I’ve often wondered this…but since I just had a gusher when I did my dinner injection…what are the odds of accidentally injecting into a blood vessel? I always assume when my injections bleed a bit that I’m just nicking something that I passed by…but this gusher was impressive…so here is my question…
I think the odds are pretty low… I’m pretty sure I’ve done it once, though. This was before CGM, so hard to tell exactly what happened.
I tested for lunch and was 4.2 mmol/L. Did my injection and started to eat a few minutes later. About 15 minutes after the injection I started feeling awful, to the point I was scared I’d pass out. Tested again and I was 1.8 mmol/L. Ate my lunch plus a bunch of candy. Half an hour later I was still only 3.5 mmol/L or so. Ate more food. Then two hours later I tested at 26 mmol/L. It was like my lunch bolus absorbed insanely fast, was all used up after about 45 minutes, and then I skyrocketed as the food continued to hit.
I’d still say once in almost 28 years is pretty low odds.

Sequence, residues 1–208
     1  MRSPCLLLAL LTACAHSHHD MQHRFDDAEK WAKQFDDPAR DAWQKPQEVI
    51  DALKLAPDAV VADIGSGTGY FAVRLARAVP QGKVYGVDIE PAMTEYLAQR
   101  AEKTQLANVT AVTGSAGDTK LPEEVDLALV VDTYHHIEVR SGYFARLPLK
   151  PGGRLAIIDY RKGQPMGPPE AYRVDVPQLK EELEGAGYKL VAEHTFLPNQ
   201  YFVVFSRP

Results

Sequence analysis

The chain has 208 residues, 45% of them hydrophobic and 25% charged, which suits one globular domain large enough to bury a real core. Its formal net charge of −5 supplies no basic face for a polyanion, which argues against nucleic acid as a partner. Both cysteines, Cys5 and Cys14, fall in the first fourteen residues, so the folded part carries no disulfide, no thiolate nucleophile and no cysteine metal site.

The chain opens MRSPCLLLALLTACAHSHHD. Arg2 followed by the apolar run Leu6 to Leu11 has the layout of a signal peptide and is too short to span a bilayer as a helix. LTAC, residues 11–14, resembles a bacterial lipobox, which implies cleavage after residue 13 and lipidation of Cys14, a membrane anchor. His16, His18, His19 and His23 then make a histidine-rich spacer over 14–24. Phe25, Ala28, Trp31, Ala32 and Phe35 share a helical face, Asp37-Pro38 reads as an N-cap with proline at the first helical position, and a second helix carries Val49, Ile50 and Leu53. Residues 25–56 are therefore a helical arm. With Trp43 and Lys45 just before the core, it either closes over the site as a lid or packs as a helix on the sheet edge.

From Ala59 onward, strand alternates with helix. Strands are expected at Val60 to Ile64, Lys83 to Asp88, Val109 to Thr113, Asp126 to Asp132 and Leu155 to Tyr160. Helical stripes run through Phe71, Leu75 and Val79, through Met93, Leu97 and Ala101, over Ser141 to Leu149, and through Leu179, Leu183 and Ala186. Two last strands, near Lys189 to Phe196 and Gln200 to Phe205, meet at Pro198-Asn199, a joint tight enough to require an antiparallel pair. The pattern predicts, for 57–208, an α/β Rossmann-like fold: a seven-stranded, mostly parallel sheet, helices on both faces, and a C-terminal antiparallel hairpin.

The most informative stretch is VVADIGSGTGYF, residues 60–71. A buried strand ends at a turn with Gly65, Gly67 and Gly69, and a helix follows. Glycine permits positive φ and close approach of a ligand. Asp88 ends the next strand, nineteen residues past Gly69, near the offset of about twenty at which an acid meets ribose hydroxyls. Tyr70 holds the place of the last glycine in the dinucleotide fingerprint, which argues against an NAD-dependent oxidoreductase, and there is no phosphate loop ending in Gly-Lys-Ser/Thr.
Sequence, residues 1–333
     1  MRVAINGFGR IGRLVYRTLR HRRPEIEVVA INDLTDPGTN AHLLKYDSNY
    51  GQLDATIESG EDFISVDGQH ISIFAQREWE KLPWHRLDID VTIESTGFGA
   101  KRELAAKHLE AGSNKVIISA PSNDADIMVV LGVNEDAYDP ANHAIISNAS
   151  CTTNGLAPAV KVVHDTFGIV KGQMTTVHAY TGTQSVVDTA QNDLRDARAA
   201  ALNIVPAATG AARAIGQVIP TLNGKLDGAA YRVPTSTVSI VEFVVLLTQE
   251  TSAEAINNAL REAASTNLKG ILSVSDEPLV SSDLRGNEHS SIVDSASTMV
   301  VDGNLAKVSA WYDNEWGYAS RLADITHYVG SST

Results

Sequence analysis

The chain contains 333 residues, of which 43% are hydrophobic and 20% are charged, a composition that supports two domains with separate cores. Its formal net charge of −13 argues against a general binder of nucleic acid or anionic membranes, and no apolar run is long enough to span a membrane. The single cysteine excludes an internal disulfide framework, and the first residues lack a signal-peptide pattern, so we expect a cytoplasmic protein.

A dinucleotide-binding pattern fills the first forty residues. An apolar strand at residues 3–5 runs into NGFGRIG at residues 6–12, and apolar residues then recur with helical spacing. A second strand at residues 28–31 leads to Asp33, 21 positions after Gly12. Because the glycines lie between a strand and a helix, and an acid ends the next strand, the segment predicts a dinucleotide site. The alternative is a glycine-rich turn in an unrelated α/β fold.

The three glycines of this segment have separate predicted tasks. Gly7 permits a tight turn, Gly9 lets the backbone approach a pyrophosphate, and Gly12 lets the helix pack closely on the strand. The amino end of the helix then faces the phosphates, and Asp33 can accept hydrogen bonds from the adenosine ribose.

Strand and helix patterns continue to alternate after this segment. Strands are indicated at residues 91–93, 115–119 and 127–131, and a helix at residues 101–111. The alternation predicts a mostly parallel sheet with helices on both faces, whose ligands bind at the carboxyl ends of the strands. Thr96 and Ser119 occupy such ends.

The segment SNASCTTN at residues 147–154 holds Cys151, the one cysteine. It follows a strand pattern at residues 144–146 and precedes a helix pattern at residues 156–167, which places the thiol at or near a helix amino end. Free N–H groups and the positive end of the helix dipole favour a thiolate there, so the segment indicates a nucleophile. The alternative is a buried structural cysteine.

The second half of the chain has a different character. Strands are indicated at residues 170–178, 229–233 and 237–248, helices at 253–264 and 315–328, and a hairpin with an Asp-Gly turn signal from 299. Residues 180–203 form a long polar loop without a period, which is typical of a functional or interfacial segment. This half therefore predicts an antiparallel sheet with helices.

Having watched minor surgeries for more than a few years, there are some quite impressive bleeds from blood sources that are just under the skin. You may have just gotten “lucky”
My bg arc has behaved my version of normal…so I guess it was a lucky one!
@T1Allison - the odds are pretty slim. In over 50 years of mostly MDI injections, it’s happened 3 times to me (even with drawing back to check for blood).
Each time saw a dramatic and rapid drop in BG (imagine what mainlining 15Units of Humalog would do to you). Severe hypos all 3 times, all required EMT’s and ER visits to bring me back.
Don’t think it can’t happen. Blood vessels that don’t draw blood could be just a thin cellular layer away from direct access to your circulatory system.
Wow, were you injecting 15 u when this happened? Scary! I’m lucky that when (I think) it happened to me I was only injecting 5-6 u.
Indeed I was (took around 15 units of Humalog every night before dinner, as back then I ate tons of carbs and other high glycemic foods). Trouble is when you deliver that dose direct to blood, things get out of control rather quickly